Life Stories #99: Lauren Marks

Life Stories: Lauren Marks

Lauren Marks was an actress in her late twenties when she went to Edinburgh in 2007 to direct a friend’s play in the city’s annual Fringe Festival. One night, they went out to a bar, and she was in the midst of a karaoke number when an aneurysm in her brain burst. When she regained consciousness, her ability to communicate with the people around her was massively impaired. A Stitch of Time is the story of her recovery from that aphasia—which was so severe at one point that she lacked a conscious interior voice.

There’s a lot of personal story packed into Lauren’s memoir, and into this conversation. We talk about her frustration at what felt like a parent’s attempt to co-opt her “story,” about her then-boyfriend’s attempt to essentially treat her brain injury as an opportunity to “reboot” their relationship, and about how the injury forced her to fast-track a re-evaluation of her life that had already begun. As she explains, “It’s not unusual for someone twenty-seven in New York to say, ‘This is not enough for me. Do I take a dramatic turn?’”

“I promise you, I did not want to write a memoir. That was not something that I would have wanted—I didn’t even like to read memoirs at the time. It is a weird choice to go from I’m struggling to conjugate a verb and to then think, yeah, I’ll be a writer, great idea! But also, what else could I do?

“I couldn’t do anything entirely independently anymore. I mean, lucky for me, my physical self is okay; I didn’t lose my ability to walk, I can still dress myself, things like that. But I couldn’t manage an independent life. The fact was decided, I was going to be at my parents’ house; I’d be with my parents, in my childhood home, for a while: decision made. I was not an actor, I couldn’t memorize any more, so: decision made. I couldn’t go through a textbook so: decision made, no longer Ph.D. student.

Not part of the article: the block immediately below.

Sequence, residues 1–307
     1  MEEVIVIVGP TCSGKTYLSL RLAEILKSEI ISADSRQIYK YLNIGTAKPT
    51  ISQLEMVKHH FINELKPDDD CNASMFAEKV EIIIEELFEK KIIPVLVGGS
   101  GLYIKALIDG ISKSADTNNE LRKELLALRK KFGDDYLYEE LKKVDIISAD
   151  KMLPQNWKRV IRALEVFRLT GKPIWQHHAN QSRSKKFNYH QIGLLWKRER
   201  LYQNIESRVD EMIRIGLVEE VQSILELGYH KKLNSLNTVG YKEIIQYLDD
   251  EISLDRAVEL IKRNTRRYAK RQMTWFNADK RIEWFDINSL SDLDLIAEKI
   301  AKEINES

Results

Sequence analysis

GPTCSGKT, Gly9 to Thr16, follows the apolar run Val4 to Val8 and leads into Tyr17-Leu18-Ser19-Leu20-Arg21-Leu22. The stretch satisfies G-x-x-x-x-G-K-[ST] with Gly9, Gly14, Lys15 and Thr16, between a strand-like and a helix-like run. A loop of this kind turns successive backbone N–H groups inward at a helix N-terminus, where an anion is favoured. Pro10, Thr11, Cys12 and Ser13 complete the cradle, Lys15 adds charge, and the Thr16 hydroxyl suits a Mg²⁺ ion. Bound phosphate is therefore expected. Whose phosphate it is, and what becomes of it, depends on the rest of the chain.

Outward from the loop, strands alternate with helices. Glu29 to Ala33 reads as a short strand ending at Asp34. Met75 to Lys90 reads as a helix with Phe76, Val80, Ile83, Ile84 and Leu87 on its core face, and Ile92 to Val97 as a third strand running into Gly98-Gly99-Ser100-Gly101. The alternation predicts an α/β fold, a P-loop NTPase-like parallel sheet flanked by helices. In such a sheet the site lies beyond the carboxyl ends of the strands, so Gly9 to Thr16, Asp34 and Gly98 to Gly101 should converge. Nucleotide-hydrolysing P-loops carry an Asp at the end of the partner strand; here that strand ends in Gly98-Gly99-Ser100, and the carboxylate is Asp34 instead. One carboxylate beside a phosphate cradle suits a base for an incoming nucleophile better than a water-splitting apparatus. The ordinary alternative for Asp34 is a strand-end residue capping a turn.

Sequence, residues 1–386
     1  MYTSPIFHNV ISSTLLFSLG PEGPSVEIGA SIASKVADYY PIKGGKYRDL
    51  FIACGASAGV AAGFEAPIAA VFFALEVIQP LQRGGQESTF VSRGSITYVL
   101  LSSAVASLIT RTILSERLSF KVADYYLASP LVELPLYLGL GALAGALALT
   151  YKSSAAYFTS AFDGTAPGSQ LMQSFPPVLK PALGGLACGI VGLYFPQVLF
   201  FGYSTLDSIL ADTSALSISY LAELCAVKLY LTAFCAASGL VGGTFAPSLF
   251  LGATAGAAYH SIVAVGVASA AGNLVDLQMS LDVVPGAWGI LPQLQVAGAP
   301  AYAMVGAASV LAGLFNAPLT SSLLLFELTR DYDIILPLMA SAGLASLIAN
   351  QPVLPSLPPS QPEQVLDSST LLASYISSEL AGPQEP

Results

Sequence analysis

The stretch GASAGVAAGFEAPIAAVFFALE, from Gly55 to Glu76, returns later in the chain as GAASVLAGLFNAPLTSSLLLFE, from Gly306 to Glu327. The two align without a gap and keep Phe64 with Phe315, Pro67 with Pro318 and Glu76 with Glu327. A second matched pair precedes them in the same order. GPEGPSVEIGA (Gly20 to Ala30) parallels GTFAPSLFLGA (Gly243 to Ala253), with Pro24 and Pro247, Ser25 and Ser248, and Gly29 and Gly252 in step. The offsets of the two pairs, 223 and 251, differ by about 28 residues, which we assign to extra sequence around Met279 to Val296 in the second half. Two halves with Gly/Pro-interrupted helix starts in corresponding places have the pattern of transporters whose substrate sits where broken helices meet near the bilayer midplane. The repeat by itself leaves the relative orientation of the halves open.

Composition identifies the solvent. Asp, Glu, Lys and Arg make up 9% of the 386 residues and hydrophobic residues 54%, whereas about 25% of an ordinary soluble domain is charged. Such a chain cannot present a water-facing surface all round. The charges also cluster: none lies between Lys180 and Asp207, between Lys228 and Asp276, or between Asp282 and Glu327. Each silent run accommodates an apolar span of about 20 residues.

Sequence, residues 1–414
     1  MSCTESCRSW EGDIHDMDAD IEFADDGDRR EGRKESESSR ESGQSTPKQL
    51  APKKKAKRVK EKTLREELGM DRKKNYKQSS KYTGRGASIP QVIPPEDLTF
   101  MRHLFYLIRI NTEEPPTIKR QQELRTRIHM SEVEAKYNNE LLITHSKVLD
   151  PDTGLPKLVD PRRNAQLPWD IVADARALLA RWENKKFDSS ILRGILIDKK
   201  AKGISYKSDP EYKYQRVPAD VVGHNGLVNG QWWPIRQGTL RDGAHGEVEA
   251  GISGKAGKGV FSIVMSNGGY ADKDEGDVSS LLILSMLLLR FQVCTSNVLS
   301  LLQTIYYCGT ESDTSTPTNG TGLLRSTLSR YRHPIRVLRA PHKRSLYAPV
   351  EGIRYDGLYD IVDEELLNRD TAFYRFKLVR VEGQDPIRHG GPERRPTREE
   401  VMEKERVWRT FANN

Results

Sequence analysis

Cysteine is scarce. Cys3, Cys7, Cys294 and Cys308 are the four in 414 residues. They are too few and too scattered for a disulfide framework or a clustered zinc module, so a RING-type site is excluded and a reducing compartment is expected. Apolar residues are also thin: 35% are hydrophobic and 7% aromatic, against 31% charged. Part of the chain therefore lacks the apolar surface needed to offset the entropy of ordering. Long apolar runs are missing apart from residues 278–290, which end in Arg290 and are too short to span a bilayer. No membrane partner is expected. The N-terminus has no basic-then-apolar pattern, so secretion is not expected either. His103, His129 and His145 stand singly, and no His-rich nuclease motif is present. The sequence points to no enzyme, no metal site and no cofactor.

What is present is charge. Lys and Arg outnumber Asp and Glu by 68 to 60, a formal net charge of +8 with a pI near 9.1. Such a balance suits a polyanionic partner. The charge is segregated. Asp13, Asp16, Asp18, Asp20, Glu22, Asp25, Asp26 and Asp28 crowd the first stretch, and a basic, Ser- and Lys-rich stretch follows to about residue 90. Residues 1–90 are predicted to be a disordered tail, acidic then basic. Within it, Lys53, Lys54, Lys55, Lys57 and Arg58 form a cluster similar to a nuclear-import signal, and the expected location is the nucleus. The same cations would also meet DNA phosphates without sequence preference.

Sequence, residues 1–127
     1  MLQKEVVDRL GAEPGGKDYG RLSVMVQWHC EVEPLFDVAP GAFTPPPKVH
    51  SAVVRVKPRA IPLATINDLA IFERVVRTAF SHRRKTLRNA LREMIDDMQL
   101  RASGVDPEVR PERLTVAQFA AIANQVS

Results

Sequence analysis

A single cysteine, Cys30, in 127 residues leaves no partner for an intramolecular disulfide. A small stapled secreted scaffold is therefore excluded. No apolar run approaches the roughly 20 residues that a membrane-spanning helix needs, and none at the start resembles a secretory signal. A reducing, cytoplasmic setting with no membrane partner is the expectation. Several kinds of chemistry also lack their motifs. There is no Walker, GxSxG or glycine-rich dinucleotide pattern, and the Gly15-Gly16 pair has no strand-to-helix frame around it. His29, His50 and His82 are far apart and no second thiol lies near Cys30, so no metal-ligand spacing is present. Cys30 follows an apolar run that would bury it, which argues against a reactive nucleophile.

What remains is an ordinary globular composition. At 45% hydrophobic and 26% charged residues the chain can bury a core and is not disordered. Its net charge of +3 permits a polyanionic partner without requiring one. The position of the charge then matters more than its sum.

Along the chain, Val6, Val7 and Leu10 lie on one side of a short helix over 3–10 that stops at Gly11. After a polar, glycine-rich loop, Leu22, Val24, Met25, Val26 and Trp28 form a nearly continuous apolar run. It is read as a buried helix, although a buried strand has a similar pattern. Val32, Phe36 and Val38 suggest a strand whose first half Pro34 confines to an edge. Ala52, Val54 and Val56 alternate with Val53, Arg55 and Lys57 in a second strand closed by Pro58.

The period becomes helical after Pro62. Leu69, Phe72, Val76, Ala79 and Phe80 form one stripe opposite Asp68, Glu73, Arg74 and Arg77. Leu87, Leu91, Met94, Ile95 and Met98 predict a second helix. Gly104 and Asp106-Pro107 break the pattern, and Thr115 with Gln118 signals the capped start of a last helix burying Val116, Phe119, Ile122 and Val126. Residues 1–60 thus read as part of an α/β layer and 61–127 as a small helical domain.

“As these things were off the table, so to speak, then it was much easier to say, well, I’m a writer because I’m writing. I don’t think that means I assumed this book would ever eventually come out to any kind of general audience. But writing is what made me able to write. The more I could write, the better I could write.”

And, as her writing improved, Lauren began to learn more about the neuroscience behind her condition, and that education makes its way into the memoir as well. And we discuss how she drew inspiration from the life stories of Helen Keller and… Casanova?

Listen to Life Stories #99: Lauren Marks (MP3 file); or download this file by right-clicking (Mac users, option-click). Or subscribe to Life Stories in iTunes, where you can catch up with earlier episodes and be alerted whenever a new one is released. (If you’re already an iTunes subscriber, please consider rating and reviewing the podcast!)

photo: Brooks Girsch

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1 December 2017 | life stories |